However, the vote riggers made the mistake of stealing votes from fellow right wingers, whose complaints added credibility to those of the FSLN. On October 21, the representatives of 16 political parties in Matagalpa released a joint statement in which they denounced that the electoral process was a "crude manipulation and fraud". The parties which signed the letter included the Conservative Party, National Project (Pronal), UNO-96, MRS, Communist Party and the FSLN. It had by now become clearer that the fraud also involved the destruction of ballots, alteration of tally sheets and harassment of scrutineers. In some areas, the votes of candidates, who had voted for themselves, did not even appear in the telegrams.

Dozens of ballot boxes in which the majority of votes were cast for the FSLN were stolen and later turned up in the houses of CSE officials linked to, or apparently bribed by, the AL. The president of the Matagalpa CSE was found with 30,000 ballot papers in his house and, according to the "telegrams", one AL candidate appeared to be winning the same neighbourhood which he had been chased out of just a few weeks before.

On October 22, eight of the presidential candidates, including such prominent politicians as former president of the National Assembly, Alfredo Cesar, and former vice-president Virgilio Godoy, also demanded that the count take place on the basis of the tally sheets. The Pronal leader, Antonio Lacayo, also supported a count based on the official tally sheets, while the "provisional" third place-getter, Guillermo Osorno of the Christian Path Party (with 4% of the vote), called for the elections to be annulled.

Even Pedro Solorzano, a leading right-wing contender for the mayor of Managua, reversed his acceptance of defeat when it became clear that the revision of the tally sheets indicated irregularities. The FSLN's Carlos Guadamuz is also still in the race, despite premature claims of victory by the Aleman Liberals.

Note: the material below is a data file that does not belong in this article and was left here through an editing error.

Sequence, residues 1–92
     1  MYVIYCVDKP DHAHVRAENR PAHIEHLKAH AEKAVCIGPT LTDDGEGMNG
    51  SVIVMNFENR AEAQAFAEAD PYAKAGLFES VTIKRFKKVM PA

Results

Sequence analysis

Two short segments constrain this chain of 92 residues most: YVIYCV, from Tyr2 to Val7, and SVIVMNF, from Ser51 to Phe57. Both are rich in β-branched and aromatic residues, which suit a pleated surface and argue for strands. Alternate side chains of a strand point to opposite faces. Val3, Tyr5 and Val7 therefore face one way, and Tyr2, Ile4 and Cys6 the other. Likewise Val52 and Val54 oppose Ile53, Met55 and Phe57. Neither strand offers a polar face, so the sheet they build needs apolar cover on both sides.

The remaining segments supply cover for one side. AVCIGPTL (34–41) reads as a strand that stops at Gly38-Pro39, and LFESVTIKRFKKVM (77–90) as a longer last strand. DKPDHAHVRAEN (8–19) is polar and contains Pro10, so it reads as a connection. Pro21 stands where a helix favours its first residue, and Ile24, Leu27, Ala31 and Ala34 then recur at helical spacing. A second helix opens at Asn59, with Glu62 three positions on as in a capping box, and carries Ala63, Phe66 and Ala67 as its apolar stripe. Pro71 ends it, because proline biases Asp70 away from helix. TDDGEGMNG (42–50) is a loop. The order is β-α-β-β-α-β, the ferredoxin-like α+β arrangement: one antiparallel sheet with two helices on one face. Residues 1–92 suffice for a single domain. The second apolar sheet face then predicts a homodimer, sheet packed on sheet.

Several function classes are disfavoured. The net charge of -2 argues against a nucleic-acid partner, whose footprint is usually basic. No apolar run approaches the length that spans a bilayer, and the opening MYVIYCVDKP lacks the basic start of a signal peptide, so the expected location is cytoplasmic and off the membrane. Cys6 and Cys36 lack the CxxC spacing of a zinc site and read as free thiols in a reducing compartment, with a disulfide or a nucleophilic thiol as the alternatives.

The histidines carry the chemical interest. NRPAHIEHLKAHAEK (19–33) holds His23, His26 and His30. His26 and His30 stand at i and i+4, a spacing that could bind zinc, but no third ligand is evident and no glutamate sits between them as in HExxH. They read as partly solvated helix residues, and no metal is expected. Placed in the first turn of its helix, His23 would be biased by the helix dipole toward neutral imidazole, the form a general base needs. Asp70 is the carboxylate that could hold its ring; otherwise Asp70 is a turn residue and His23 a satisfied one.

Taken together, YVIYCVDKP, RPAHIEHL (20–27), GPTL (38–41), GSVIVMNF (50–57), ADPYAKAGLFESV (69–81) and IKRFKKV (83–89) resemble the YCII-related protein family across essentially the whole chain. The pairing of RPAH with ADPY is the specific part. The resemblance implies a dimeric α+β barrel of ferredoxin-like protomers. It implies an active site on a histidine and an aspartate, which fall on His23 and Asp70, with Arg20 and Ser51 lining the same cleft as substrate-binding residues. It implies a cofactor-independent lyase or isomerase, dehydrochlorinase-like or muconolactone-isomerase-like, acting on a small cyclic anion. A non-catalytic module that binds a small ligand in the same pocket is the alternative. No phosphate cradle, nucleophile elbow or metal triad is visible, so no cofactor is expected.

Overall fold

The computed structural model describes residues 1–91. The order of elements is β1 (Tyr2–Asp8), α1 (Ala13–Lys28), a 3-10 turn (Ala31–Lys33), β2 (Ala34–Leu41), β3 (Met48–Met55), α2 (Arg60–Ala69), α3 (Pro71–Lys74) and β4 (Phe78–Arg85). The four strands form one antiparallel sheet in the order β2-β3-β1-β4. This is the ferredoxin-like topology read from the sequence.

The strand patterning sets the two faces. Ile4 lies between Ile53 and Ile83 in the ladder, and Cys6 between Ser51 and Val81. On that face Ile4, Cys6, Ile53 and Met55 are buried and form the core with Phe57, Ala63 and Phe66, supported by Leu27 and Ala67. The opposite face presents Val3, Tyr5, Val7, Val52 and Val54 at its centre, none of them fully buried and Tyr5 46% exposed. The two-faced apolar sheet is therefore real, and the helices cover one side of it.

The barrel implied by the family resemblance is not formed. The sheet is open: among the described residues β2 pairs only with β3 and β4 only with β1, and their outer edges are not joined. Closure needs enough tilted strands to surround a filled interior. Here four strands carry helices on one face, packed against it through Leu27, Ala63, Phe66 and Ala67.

One of the most scandalous incidents occurred when thousands of exhausted polling booth workers, who had been working all night, arrived at the CSE offices the morning after the elections to hand in their tally sheets and ballot papers. The crowd was attacked by riot police in a supposed attempt to maintain order. In the resulting confusion, the ballot boxes and sacks were thrown onto the streets. Tally sheets, and even ballot papers, were ruined and scattered by the wind.

In 1990, the FSLN government supported the organisation of elections which were held under the extremely difficult conditions of blockade and war. An FSLN statement on the elections points out that "this extraordinary effort culminated in an event unparalleled in history, a political movement that came to power by means of arms, handed over political power to the winners after its defeat at the ballot box".

The international media may have come and gone from Nicaragua with the impression that Aleman is the new president of Nicaragua. However, this is by no means certain. If the recount brings Aleman's percentage down to below 45%, a run-off will take place between him and Ortega. The final counting may take a week, and a national ban on demonstrations has been extended until then. A ban also exists on the carrying of firearms. The situation in Nicaragua remains calm, but tense.

Six-month airmail subscriptions (22 issues) to Green Left Weekly are available for A$80 (North America) and A$90 (South America, Europe &@38; Africa) from PO Box 394, Broadway NSW 2007, Australia http://www.peg.apc.org/~greenleft/ e-mail: greenleft@peg.apc.org